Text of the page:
Exchange Publishes Literature Review on Scaling Social Impact

Cathy Clark, CASE at Duke
Posted: June 14, 2012

As the social sector evolves, one thing that is becoming increasingly clear is the critical role that knowledge plays in helping advance progress towards social solutions. Practitioners struggle with finding the best approaches to scale and accessing capital for scaling. Grantmakers and investors struggle with how to identify the most promising innovations, models, and organizations, and how best to support a multi-sector set of actors throughout the scaling process.

Forums like the Social Impact Exchange conference, which is currently underway in New York, provide a unique opportunity for the various stakeholders engaged in scaling social impact to learn from each other and offer different perspectives to the challenges that we collectively face. One of the main goals of the Exchange is to consistently aggregate and disseminate knowledge on scaling. In addition to the annual conference, the Knowledge Working Group of the Exchange plays a central role in facilitating this knowledge building work for the sector. As the Working Group noted last year, the developing set of materials written about experience relating to scaling impact is varied and rich; and much of the literature over the last 10-20 years has been built up by practitioners actually experimenting to see what works. Funders have been integrally involved in a lot of this experimentation as well, however those resources are not always easy to find.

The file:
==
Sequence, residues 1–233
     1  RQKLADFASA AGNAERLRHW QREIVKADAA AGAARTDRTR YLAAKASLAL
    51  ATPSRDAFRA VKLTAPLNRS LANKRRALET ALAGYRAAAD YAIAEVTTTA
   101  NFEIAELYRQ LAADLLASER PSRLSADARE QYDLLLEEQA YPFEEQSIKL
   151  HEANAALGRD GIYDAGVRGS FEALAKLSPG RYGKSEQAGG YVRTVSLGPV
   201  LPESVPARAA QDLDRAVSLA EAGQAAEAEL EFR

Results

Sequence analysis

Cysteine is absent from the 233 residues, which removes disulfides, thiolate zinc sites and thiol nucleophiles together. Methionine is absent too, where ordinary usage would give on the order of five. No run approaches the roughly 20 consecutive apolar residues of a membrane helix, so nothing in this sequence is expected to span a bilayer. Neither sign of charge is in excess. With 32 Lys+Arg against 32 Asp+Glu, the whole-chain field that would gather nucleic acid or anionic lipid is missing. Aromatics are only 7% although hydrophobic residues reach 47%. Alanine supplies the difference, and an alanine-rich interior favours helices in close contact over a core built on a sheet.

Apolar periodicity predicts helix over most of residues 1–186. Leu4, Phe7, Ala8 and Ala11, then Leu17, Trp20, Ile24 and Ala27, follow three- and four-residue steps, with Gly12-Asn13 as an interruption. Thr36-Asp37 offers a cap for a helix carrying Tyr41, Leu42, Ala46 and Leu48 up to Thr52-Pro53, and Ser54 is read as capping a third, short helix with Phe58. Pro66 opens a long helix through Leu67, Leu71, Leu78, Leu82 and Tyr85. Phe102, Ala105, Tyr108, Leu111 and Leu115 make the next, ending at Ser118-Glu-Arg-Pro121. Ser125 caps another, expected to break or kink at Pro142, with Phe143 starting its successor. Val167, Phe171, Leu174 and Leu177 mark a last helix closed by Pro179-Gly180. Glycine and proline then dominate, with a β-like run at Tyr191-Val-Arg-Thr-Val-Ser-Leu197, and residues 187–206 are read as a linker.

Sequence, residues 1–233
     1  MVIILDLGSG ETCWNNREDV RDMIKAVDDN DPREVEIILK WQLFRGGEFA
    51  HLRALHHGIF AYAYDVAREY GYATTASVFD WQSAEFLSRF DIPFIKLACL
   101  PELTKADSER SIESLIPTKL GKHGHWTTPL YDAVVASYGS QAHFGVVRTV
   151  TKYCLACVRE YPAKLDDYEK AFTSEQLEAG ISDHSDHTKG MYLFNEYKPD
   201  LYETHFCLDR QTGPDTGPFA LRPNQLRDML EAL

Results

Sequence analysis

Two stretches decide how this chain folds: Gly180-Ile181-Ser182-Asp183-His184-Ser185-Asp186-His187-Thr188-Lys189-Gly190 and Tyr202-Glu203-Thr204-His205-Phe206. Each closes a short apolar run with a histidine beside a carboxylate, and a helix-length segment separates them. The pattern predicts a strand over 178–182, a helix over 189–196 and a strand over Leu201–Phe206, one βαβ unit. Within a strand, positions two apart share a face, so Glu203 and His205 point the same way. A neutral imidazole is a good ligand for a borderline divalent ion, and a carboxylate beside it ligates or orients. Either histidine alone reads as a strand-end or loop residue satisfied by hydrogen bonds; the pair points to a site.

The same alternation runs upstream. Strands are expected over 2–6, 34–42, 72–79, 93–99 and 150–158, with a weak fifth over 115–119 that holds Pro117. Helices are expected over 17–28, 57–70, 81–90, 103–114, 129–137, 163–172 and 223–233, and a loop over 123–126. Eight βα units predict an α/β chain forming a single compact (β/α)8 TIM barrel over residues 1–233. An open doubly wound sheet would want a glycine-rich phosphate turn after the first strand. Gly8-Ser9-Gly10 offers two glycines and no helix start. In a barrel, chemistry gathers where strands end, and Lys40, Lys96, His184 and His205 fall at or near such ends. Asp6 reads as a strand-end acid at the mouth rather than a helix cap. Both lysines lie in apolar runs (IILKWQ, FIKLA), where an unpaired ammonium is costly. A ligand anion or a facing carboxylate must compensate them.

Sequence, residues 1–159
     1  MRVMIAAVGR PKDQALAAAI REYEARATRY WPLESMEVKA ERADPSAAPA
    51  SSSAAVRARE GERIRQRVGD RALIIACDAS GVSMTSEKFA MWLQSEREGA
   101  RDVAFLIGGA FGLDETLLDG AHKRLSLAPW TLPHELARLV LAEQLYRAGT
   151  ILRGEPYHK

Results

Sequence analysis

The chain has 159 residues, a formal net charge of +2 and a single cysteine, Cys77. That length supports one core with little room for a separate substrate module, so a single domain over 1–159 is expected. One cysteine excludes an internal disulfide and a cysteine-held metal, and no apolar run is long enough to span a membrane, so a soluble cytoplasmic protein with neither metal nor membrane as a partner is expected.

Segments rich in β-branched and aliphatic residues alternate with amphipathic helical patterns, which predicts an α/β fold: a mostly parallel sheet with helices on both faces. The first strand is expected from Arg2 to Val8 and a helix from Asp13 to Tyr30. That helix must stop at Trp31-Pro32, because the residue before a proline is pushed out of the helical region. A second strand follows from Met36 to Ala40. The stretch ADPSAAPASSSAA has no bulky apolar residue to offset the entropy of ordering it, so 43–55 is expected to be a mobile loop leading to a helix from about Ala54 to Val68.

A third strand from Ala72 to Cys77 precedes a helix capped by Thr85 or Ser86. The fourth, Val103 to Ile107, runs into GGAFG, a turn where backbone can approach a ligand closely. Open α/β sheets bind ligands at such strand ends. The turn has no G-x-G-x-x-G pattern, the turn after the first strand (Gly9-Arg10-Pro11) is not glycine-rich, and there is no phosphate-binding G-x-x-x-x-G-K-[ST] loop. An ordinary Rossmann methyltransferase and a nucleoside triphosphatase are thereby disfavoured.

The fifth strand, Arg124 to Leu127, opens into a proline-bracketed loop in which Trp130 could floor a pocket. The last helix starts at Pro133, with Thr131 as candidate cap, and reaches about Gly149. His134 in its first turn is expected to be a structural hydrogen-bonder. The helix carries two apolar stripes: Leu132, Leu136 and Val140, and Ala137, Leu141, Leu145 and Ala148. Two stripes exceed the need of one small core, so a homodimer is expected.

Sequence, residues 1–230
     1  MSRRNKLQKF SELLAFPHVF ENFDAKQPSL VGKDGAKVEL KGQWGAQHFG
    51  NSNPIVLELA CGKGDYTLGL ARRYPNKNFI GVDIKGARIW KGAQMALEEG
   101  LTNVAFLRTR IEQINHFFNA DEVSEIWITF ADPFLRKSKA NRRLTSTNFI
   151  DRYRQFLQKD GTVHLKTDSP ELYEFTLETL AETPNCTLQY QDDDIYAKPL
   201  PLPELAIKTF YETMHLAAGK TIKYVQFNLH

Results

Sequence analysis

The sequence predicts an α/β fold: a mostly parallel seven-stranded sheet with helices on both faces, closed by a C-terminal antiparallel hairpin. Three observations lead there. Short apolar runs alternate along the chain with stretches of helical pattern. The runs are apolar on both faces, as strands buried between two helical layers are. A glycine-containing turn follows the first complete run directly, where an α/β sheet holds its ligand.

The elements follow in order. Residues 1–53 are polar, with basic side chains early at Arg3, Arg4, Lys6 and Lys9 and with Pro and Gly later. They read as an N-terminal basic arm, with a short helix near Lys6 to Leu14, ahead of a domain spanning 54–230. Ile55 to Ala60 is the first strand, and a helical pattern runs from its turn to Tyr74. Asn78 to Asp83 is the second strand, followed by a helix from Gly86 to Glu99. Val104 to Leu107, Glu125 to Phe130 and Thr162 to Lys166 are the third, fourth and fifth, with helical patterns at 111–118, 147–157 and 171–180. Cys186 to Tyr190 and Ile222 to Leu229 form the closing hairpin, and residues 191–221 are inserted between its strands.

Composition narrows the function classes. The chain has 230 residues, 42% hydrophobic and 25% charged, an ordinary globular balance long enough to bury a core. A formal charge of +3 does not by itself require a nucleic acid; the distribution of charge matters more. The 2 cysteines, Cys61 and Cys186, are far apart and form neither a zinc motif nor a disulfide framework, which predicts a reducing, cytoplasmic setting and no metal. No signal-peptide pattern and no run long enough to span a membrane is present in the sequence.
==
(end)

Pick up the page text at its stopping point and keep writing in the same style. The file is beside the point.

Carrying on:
Recognizing that the knowledge needs to reach beyond the practitioners and that it can provide valuable insights for funders as well, the Exchange has published a new report on resources that are helpful to funders who want to support scale. The report, "Scaling Social Impact: A Literature Toolkit for Funders” aims to highlight some of the most relevant knowledge available to date for funders pursuing grantmaking strategies around scaling impact, and to shine a light on what still needs to be studied and explored.

The report lays out a framework for the evolution of a scaling initiative and directs funders to specific resources that provide guidance for supporting scale at each stage of the process. From collective impact strategies and social impact bonds, to key tools and frameworks and detailed case studies revealing lessons from years of experimentation, there is something in this review for every funder interested in scaling social impact. 

We’re grateful for support from our colleagues at Grantmakers for Effective Organizations(GEO) and their “Scaling What Works” initiative for the opportunity to be part of a research collaborative and conduct this literature review.  GEO will be folding the report into a larger research report later this year, and we’re excited to see what lessons and themes emerge from a diverse collaboration into the issues of scaling impact.

The literature on scaling has come a long way since CASE at Duke University first started tackling this issue 10 years ago. Our report is a compendium of the main findings of that work relevant to funders through May 2012 and is designed in a way to make it easy for funders to quickly scan abstracts of major works and link directly to key pieces, many of which are also available on the Exchange’s online Knowledge Center. 

To learn more about our findings, access links and abstracts for some important works on scaling, or to see what is still missing from the literature, download the full report here. We’re excited to hear from you about how we can continue to build knowledge, and the literature that documents it, together.

Cathy Clark is an Adjunct Associate Professor at CASE at Duke University in the Fuqua School of Business.